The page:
THE Church cannot run away from its “moral responsibility” to increase its contribution to the compensation paid to the victims of institutional abuse, said Environment Minister John Gormley.
In throwing down the gauntlet to Church leaders, the Green Party leader said it was time to “get past the legal niceties” of the deal struck with Government in 2002 which capped the contribution of the religious orders to compensation for victims at €127 million.
In words which also illustrate a growing rift between the coalition partners over how to deal with the fallout from the report of the Commission to Inquire into Child Abuse, Mr Gormley said: “I’m not a legal expert, I really don’t know if the deal... can be re-opened.
“But... there is a moral responsibility on the Church authorities to live up now to their Christian values... I don’t think they should run away from this. At this stage, we need to get around the legal niceties and there is a moral responsibility.”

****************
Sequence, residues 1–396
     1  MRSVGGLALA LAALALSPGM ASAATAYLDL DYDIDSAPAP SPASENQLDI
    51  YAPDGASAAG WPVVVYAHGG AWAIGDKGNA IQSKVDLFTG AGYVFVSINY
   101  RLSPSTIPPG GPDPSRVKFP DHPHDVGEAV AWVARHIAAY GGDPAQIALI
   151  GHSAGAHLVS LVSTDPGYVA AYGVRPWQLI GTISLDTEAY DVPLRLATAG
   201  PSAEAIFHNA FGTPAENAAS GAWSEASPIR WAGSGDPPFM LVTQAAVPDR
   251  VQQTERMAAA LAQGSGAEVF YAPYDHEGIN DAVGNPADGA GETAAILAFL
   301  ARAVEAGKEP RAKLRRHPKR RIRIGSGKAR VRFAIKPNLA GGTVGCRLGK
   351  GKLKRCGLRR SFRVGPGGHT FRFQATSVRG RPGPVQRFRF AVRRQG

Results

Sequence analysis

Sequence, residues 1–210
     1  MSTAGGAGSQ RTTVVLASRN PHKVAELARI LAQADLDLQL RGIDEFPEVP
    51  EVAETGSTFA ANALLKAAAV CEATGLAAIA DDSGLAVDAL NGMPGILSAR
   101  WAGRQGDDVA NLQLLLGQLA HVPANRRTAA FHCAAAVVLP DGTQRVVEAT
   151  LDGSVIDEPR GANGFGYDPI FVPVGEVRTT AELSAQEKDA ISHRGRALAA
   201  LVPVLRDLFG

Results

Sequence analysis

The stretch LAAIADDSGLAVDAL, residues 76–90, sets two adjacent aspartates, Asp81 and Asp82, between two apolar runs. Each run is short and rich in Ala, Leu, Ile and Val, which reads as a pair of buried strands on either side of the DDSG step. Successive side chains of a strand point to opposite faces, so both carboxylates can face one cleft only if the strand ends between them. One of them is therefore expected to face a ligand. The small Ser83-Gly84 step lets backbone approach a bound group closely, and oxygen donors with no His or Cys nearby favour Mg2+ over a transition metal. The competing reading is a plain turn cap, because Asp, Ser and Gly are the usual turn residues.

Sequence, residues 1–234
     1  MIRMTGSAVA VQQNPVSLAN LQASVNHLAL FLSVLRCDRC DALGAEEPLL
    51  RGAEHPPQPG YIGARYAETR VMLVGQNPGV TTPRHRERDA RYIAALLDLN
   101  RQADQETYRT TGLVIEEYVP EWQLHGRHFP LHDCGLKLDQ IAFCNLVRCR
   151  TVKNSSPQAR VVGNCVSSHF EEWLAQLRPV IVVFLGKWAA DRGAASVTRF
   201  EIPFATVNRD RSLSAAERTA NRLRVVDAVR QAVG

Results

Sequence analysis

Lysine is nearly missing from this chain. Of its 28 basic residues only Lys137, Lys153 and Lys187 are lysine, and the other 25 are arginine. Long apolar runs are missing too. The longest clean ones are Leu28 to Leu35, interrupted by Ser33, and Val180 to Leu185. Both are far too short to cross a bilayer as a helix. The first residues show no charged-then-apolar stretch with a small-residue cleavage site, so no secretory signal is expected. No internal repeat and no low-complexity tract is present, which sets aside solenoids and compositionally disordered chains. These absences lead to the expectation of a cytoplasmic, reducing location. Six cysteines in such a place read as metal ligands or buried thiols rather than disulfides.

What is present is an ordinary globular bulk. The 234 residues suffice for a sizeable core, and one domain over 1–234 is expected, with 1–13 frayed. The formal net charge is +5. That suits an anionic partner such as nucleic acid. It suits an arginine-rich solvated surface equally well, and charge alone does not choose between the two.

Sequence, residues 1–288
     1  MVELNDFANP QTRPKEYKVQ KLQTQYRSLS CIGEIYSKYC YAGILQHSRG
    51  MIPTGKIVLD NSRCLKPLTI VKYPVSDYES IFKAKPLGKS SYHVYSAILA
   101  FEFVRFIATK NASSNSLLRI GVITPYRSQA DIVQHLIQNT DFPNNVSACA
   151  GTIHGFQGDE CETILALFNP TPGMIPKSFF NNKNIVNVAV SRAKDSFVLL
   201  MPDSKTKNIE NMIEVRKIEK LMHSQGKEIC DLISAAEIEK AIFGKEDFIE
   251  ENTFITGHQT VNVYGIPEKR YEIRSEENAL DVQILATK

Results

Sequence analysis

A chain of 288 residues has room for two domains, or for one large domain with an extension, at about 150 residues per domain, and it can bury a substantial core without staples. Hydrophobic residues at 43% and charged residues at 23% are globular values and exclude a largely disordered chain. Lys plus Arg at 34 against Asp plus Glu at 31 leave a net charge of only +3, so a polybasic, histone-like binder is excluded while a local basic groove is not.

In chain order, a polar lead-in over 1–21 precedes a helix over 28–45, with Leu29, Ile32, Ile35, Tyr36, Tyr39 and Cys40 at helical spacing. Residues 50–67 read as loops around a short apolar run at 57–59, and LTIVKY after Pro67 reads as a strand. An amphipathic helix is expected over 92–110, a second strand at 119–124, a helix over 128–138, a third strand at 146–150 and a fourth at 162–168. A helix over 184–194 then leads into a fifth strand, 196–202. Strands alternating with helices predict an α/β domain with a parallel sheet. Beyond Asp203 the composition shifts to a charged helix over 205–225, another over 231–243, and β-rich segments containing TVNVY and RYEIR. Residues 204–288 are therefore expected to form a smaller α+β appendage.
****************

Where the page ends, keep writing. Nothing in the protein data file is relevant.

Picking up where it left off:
Mr Gormley also said he hoped to speak to Education Minister Batt O’Keeffe on the issue.
The Conference of Religious of Ireland said it was unaware of any moves by the Church to revisit the terms of the deal, but Mr Gormley said he “doesn’t think they can shirk their responsibilities” because “it [the report] is truly shocking”.
Former education minister Dr Michael Woods defended the deal he struck with the religious orders in 2002.
“The deal was the best that could be done for the state without prolonged court proceedings involving the victims, and the Government was not prepared to bring the victims into court.”
Labour’s justice spokesman Pat Rabbitte said the 2002 agreement was “a sweetheart deal” with the Church.
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